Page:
Sam Hobbs

    Wednesday, September 11, 2019 6:45 PM
  • Thanks for insight everyone! I have to say, my backend is in a SQL server secured by my IT department. I believe my organization is touchy on the subject because our tools gather a LOT of sensitive information. To be specific, a lot of healthcare records in a company with 80k employees and facilities across the nation. My projects started in my department and expanded to the entire facility. We are trying to see how we can adapt my tools to spread it across different facilities now. We are in the process of proving the concept that agile tool development is the way to go in an ever-changing industry where other software tools just takes too long to develop and cannot adapt at our pace.

    We are making a lot of progress and I have the full back-up of the executives. Next is taking this to the board and making Access a standardized tool under a newly created department.

    Wednesday, September 11, 2019 7:31 PM
  • You might also look at Access as a Rapid Application Development tool, useful for prototyping what you want to show to management ...

    peter n roth - http://PNR1.com, Maybe some useful stuff

    Wednesday, September 11, 2019 7:53 PM
  • Why is MS Access viewed as an inferior tool?

    Hi InnVis,

    I don’t blame the IT people.

    I am in the lucky position that I do not work for organizations with an IT-department, but only for small scale “organizations” that even have no budget for commercial applications.

    Access is a tool with a low threshold to start with, and you can get some pretty results very fast. Many of  the Access applications are initiated by specialists, other than IT, that need a faster tool then the IT department could provide.

    Development proceeds prosperously, and many more tables, forms, reports, queries are added, and the application becomes essential to the local department. But then the developer leaves the company, and who will have to do the maintenance? IT?

    I love Access, but the maintenance can be a real problem. Essential elements are all scattered over the application, and in a growing application forms, reports and queries are copied and modified. You must be a real specialist in the applications to do any maintenance.

    The development is optimized to the normalization of data tables, but forms, reports, queries are copied and copied and copied. In my opinion you evenly well need “normalized” – or structured – code. Does the code fulfil the requirements of the IT department?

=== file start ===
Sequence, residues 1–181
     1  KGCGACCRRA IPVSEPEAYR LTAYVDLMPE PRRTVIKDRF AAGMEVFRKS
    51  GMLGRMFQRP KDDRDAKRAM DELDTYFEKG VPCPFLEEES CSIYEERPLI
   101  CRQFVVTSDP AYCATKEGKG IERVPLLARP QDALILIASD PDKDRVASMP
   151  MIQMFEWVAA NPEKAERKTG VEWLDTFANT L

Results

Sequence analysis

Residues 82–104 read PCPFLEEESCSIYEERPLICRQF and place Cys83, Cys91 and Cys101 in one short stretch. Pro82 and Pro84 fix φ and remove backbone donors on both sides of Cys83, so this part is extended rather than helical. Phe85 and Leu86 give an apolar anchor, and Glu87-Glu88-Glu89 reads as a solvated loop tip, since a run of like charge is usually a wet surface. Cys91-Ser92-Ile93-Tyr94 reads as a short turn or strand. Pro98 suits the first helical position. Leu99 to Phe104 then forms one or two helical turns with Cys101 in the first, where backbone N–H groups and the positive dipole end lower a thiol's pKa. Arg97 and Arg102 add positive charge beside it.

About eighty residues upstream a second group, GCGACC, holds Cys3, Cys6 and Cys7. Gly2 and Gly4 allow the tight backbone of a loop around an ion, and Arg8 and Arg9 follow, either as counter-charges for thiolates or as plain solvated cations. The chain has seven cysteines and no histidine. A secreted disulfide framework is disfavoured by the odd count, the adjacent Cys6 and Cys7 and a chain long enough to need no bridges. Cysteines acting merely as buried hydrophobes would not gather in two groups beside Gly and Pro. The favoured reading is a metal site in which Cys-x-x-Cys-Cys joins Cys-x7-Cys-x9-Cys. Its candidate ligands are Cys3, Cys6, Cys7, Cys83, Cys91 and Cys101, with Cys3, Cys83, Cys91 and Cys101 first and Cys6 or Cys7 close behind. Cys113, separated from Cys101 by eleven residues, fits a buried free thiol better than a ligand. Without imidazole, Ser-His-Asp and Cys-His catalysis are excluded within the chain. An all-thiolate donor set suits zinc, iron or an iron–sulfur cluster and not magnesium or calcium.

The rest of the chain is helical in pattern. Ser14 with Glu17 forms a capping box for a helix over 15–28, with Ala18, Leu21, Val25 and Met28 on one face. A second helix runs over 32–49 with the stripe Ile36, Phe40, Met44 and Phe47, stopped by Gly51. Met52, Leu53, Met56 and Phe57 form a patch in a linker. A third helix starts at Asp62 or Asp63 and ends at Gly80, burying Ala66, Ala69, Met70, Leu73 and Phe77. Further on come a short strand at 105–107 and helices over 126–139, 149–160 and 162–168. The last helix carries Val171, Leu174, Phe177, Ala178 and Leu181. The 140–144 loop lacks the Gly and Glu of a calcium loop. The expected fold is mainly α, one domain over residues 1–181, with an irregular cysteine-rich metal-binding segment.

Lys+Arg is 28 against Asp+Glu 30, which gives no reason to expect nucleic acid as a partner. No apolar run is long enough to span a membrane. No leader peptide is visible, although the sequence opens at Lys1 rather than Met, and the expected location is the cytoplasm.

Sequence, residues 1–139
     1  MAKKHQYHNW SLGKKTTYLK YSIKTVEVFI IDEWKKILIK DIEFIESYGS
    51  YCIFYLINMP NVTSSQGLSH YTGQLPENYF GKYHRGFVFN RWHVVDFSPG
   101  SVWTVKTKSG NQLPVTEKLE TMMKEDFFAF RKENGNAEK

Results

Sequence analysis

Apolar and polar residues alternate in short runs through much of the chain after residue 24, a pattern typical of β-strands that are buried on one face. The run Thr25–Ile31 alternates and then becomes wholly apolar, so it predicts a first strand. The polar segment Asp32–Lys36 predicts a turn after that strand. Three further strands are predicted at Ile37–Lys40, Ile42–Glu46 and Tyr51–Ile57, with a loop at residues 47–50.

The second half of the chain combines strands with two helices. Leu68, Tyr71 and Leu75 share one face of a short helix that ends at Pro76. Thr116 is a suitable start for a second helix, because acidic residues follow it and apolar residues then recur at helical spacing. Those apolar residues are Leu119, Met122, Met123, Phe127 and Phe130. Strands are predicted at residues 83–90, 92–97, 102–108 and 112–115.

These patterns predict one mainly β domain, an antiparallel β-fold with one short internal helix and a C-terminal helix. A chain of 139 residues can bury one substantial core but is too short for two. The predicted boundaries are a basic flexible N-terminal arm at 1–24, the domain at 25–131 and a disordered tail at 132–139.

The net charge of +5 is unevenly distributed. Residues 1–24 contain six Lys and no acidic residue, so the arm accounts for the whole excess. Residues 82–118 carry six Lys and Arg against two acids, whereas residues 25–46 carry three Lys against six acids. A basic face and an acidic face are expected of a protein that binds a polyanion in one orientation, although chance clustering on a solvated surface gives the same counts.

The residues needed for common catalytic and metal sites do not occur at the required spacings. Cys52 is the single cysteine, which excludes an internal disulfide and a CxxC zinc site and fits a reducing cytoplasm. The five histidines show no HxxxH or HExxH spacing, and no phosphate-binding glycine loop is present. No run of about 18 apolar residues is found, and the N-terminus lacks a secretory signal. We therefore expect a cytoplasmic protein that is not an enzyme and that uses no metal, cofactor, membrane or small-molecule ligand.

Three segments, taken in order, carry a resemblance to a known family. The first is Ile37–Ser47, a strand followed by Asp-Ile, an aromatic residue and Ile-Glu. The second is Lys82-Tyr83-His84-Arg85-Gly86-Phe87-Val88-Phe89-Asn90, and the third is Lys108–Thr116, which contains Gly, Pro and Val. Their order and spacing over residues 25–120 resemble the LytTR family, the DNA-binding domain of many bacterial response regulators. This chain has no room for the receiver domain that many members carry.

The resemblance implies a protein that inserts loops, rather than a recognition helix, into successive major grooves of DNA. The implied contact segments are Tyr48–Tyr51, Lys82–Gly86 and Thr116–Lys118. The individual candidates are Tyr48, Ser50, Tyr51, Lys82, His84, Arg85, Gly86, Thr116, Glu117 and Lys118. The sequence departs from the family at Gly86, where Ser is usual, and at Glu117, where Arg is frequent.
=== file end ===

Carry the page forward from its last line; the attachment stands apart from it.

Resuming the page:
This problem becomes more prominent with a second, or third application that must be kept synchronized on the same development level. Not to speak of application 100.

    Finally, believe in what you are doing. If it is better than IT can offer on this moment, I think IT has to follow.


    Wednesday, September 11, 2019 8:01 PM
  • My projects started in my department and expanded to the entire facility.

    That is the type of thing that is often mentioned in articles about the advantages and disadvantages of Access. I did research the subject before posting my previous reply but I was not sure how relevant that issue was. It is recognized as being typical that Access projects begin small then grow and might become less manageable than if it was developed using the tools that are more commonly used by professionals.

    I suggest going over the points I mentioned and have justification for why Access is the better choice for each point. Most important of all, determine what system your company uses to promote application software and keep it secure, then develop a solution for using it with your Access application.

    Many years ago, in about 1988, I was in a position comparable to what you call the IT Department. There was a separate User group that supported end-user tools such as Microsoft Word. I had strong opinions of using tools such as Word to do things like data entry. I know it was frustrating to try to explain why they should not do that. On the other hand, I was an application programmer and I disagreed with the technical people; back then we used the term Technical Support for the people that installed and supported software. I think it is important that you have clear and convincing responses to each of the issues they might have. Be pro-active. I really doubt you can be successful.

    Sam Hobbs

    • Edited by Simple Samples Wednesday, September 11, 2019 8:05 PM spelling
    Wednesday, September 11, 2019 8:04 PM
  • Question Daniel, when a database is split and the back end is store on a secured SQL server, is the database secured? In other words, as long as the front end has appropriate locks, is the back end safe for storing sensitive information, like credit cards, etc.?
    Thursday, September 12, 2019 1:16 AM